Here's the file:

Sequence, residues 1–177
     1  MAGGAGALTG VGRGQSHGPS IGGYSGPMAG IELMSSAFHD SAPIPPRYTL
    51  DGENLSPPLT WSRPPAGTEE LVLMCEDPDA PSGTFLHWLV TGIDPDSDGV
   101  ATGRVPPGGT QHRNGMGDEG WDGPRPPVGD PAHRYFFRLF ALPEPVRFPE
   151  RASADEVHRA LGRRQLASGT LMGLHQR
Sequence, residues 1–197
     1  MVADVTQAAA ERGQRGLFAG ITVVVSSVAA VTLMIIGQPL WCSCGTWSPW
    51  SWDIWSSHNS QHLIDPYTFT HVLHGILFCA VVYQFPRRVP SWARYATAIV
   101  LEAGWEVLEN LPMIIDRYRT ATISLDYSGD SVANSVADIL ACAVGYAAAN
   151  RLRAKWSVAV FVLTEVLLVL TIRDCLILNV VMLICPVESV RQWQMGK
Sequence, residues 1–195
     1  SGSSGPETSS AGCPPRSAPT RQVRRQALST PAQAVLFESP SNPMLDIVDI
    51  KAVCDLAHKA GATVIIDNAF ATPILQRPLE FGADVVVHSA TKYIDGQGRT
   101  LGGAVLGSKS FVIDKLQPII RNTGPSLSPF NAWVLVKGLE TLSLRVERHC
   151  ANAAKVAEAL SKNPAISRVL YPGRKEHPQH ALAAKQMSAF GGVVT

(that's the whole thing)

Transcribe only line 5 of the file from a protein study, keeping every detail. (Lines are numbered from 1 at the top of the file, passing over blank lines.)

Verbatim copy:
   151  RASADEVHRA LGRRQLASGT LMGLHQR